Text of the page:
Tenth homeless count to document solutions, target youth


The 10th yearly snapshot of homelessness in Clallam County will be finished tomorrow, Jan. 31, as program officials complete their count over the last 10 days of January. 

Expanding the time frame from a single day enables a more complete Point-in-Time count of homeless people, with a special emphasis on counting unaccompanied youth. 

"Better information leads to better data leads to positive changes for youth and for all of our community," said Kathy Wahto, executive director of Serenity House of Clallam County — the nonprofit agency with which Clallam County has contracted each year to conduct the count required by the federal Department of Housing and Urban Development. 

Point-in-Time counts began in 2003 and have resulted in the transformation of the homeless system, Wahto said. 

"The focus is now on permanent and stable housing for households in our county who are experiencing housing crisis," she said. "When you plan for appropriate housing placement instead of more emergency shelter, you are working on solving a problem and not just managing a problem."

Data from early Point-in-Time counts sparked an active 10 years of change, with many partners, including the Housing Authority, behavioral health agencies, hospital districts and others, working together to accomplish the change in direction. 

A formal Ten Year Plan to end homelessness — often referred to as the TYP — was adopted by the Clallam County Board of Commissioners in December 2005. So much of the TYP had been accomplished that it was substantially revised in 2010 and the commissioners adopted it again.

Numbers of literally homelessness individuals and families (living on the streets) declined by 61.5 percent, and overall homelessness was reduced 65.4 percent, including people in shelters, in transitional programs and at risk of homelessness.

The count in action

Each year, trained street people volunteer to help count, while meals, activities, prizes, care packages and other kinds of direct incentives encourage people to participate. 

“We have been doing the P-I-T count since 2003 so we have a good reputation,” Wahto said. “Nothing bad has come to people who have been counted, information has been kept confidential and we have proven that we use information to improve services or quality of services and provide more housing.”

In the past, the federal Department of Housing and Urban Development has directed a one-day count, but the agency has approved an extended effort this year to better reach remote communities and reticent populations.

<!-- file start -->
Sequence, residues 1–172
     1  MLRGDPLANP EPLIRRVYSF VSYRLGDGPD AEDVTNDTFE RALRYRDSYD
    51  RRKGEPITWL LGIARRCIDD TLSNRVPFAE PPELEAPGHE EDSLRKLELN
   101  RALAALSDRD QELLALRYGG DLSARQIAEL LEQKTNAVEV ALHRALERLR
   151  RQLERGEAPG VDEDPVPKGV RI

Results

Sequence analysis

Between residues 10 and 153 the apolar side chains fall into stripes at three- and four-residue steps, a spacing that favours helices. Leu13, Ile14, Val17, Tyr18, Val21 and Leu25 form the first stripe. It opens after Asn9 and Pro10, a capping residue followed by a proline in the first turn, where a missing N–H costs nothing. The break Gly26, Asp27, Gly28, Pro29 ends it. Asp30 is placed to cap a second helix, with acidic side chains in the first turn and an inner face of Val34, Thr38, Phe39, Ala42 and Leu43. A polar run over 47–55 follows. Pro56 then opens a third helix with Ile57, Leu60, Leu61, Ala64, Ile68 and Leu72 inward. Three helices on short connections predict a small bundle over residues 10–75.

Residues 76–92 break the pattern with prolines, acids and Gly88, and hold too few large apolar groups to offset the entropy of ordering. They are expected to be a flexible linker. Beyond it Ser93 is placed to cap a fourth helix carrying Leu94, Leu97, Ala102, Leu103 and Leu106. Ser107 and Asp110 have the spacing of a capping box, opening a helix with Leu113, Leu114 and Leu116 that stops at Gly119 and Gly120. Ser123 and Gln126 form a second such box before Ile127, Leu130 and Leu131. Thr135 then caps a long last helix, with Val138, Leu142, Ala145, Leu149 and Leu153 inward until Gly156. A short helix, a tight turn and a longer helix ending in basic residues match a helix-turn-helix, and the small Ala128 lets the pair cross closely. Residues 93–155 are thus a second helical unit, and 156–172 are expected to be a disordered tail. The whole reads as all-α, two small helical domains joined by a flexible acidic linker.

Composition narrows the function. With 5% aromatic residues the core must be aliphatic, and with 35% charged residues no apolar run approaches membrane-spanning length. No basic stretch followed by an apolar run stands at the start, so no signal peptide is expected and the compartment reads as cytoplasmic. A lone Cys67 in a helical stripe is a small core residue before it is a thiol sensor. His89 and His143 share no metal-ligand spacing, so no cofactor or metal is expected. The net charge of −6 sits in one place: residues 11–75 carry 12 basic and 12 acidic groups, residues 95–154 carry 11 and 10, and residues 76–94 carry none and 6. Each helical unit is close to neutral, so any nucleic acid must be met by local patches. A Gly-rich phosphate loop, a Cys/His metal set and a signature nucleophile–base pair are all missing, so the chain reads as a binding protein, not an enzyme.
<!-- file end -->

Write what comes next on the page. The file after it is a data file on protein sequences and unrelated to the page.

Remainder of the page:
"To help overcome youth cynicism or outright hostility, the approach will be to ask about their housing status, rather than to ask them to take a homeless survey,” Shirley Anderson, deputy director for Serenity House’s Homeless Youth Services, said.

For information about Point-in-Time activities in east and central Clallam County, call Serenity House at 452-7224.

Clallam chosen for Youth Counts!

Clallam County has been chosen to engage in Youth Counts!, an interagency initiative responding to a nationwide perception that youth up to 24 years old have been undercounted in past Point-in-Time counts. 

In November, the U.S. Interagency Council on Homelessness, known as USICH, invited Serenity House, along with Whatcom and Skagit counties and state Department of Commerce staff, to be one of nine communities across the country implementing this pilot outreach census of homeless youth. Other Youth Counts! participants are King County in Washington; Boston, Mass.; New York City, N.Y.; Cleveland, Ohio; Hennepin County, Minn.; Houston, Texas; Winston-Salem, N.C.; and Los Angeles, Calif.

The initiative is designed to employ strategies for counting unaccompanied homeless and at-risk youth and to develop recommendations for a framework for ending youth homelessness. 

While Youth Counts! is tied to the 2013 Point-in-Time count, it will specifically help inform a plan for youth and young adults, focused on safe housing choices, health services, education and vocational training. 

Participants work closely with all school districts, DSHS, Juvenile Services and local nonprofits to survey the circumstances of local at-risk youth. 

“The homeless census provided the key data to inform the strategies of our local TYP,” Anderson said. “We hope for the same impact from the 2013 Youth Counts surveys.” 
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